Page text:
Their plan was to start at Toro Peak, in the Santa Rosa Mountains just north of Borrego Springs, hike along the mountainous spine over Rabbit Peak and Villager Peak, then down through Rattlesnake Canyon to Fonts Point at the intersection of Highway S-22, a distance of about 30 miles. Four friends, two of them brothers, were taking enough food and water on their backs for a three-day hike. The journey was expected to be rough; supposedly there were no trails or water. They were only following the directions planned out by Ralph, who had read about this hike in a desert publication. The brothers, Steve and Eric, not taking the advice of their friends, decided to carry four gallons of water each, an extra gallon of water apiece. It was to be prophetic obstinacy. But now their packs weighed almost 60 pounds — 30 pounds of that being water.
It was arranged for a friend to drive them up to Toro Peak and for Ralph’s brother to pick them up at Fonts Point. In back of the pickup, they passed around sipping whiskey to key down the windy ride. Two miles off Highway 74, up toward Toro Peak, the truck overheated, and their friend decided it would be better to let them off there rather than risk engine damage by continuing. Before leaving, they shared several beers while staring at the night and talking about tomorrow’s hike up Toro Peak. They figured it was probably another five or six miles. After the beer was gone, so was their ride. They slipped on their packs and walked up the road about a mile and then it was time to camp.
Next morning they were up early. It was a tough climb up while getting adjusted to their heavy packs and their booty that hadn’t seen a trip in the last few months. Larry had brought cans of fruit juice and was freely giving them away to lighten his pack. Their philosophy was that the canned items weighed so much it was better to use up those first.
Later that afternoon they reached the piñon pine forest of Toro Peak and they stopped to rest. While roaming around free of his backpack, Ralph found an old long-handled axe covered in pine needles. He told his friends he planned to return for the ancient axe and he buried it again under the mulch.
Having reached the forest, the crest of Toro Peak, they started hiking down as originally planned. There were no trails, just open spaces through the forest. About two miles farther along they came upon a clearing and saw a deer. They dropped their packs again, this time to view below them the desert floor and their destination. Coming up Toro Peak, they had used more water than planned, but the packs were lighter and this helped. The day was warm, in the mid 80s, and they were experiencing Santa Ana winds. Near this clearing they found a campsite for the night. “We were dropped five miles below where we should have started,” Steve recalled. “We had to spend the next morning catching up to where we should have been the first night. The next morning we got a fairly early start. The packs were getting noticeably lighter.”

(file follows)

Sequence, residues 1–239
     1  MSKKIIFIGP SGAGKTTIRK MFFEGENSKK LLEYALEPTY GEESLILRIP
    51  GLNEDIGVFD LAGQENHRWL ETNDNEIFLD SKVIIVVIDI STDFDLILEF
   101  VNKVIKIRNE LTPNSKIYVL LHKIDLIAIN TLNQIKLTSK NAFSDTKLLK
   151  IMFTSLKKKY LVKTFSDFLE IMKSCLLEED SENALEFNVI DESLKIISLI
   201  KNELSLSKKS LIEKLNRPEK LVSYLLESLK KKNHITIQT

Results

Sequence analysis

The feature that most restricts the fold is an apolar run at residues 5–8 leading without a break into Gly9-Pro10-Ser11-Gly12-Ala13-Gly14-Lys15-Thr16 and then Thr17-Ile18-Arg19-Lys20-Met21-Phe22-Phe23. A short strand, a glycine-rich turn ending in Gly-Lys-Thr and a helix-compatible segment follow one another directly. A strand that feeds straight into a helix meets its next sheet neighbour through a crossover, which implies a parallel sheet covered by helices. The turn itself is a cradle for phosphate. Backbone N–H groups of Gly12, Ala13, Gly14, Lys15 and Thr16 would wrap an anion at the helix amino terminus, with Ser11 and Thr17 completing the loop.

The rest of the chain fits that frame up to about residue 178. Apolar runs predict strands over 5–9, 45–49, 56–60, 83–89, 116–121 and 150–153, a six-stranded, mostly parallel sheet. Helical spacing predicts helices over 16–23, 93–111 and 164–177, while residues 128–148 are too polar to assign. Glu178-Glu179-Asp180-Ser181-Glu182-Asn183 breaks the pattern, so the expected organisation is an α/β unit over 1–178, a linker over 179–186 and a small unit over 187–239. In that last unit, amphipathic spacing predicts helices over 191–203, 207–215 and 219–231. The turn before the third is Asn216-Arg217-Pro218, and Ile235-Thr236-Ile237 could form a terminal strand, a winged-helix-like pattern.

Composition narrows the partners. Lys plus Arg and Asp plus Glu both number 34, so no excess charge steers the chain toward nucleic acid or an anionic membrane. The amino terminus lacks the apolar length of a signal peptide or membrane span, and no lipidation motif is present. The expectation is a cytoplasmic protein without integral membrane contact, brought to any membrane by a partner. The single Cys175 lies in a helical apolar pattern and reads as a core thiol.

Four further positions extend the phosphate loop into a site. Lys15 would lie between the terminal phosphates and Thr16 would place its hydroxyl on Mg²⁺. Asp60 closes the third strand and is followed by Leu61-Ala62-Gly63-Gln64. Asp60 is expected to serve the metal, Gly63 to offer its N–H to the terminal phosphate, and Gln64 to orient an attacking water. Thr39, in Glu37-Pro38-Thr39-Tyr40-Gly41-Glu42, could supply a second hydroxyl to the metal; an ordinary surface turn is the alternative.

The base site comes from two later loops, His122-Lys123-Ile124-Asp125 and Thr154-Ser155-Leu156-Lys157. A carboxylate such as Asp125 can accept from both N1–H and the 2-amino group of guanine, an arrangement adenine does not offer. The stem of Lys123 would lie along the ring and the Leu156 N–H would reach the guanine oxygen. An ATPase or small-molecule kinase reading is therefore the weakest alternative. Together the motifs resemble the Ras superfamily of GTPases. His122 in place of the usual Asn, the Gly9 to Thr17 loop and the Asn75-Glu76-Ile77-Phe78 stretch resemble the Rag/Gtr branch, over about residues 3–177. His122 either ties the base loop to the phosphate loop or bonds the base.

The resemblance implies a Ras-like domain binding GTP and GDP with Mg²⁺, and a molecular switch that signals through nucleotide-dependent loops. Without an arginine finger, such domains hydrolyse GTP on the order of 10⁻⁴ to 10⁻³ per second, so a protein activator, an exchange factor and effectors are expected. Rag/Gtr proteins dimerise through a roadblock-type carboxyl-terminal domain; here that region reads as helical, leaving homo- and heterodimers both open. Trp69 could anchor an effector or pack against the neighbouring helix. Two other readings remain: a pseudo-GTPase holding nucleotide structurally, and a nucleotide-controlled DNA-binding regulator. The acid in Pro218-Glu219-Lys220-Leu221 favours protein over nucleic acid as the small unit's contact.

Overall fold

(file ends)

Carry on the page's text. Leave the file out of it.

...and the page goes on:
That second night and the following morning they had begun eating the heavier items in their packs. A lot of canned goods had been brought; because of the prospect of finding no water, it wasn’t conceivable to bring dehydrated foods. But the trip seemed poorly planned. The packs were heavy and the terrain rough. That morning they had a wide area of brush to cross before reaching Rabbit Peak, the first of two peaks they had to cross before heading down to Fonts Point. The brush was so thick it took close to an hour to make one mile. “Following directions from an article I read by a guy who did this same hike, we found a bandage box in a rock cairn,” said Ralph. (A cairn is a pile of rocks indicating a landmark or message.) “Inside the bandage box were pieces of paper, a pencil, and some old messages, some dating back to 1971. The guy whose article I read made a message concerning the lack of water in the area.”
The hike took them up and down steep inclines. The area was very rugged, but the unbroken silence, except for their own footsteps, made the terrain enthralling. Since they had left their ride at Highway 74, they had not met a single person, and nothing touched them except warm breezes and the occasional thorny outreach of a “Spanish dagger,” which would block their way. The wind was blowing toward them, which allowed sights of deer grazing on scrub. Eric, who had been wearing only tennis shoes, was lagging behind, and with everyone pushing forward to make up lost time and miles, he was soon out of sight.
Steve decided to trail back and look for him. Larry and Ralph waited, but a half an hour passed and no one came back. Larry called for Steve but no one answered. Ralph was worried. He was concerned about conserving the remaining water, and this minor manhunt was wasting valuable energy. Ralph and Larry decided to split up and look for them. Soon Larry came upon Eric and later they found Steve a little way below.
They climbed one more hill before stopping for the day. Their bodies ached with exhaustion. It felt good to unlace the boots and rub out the soreness. All agreed they must have done 15 miles that day, but it felt better for having made up a bit of the schedule. Just over the next rise the path to the end of the journey would be seen. “At the end of the second day we were a little concerned about water,” recalled Ralph. “It had been harder than we expected. We found a nice rock ledge to camp on that night. It overlooked the desert from all angles. We could see Palm Springs, the north end of the Salton Sea, Borrego Springs, Clark Dry Lake, Anza, and Palomar Mountain. A fantastic view in all directions. Near us was Rabbit Peak, some 6600 feet high.”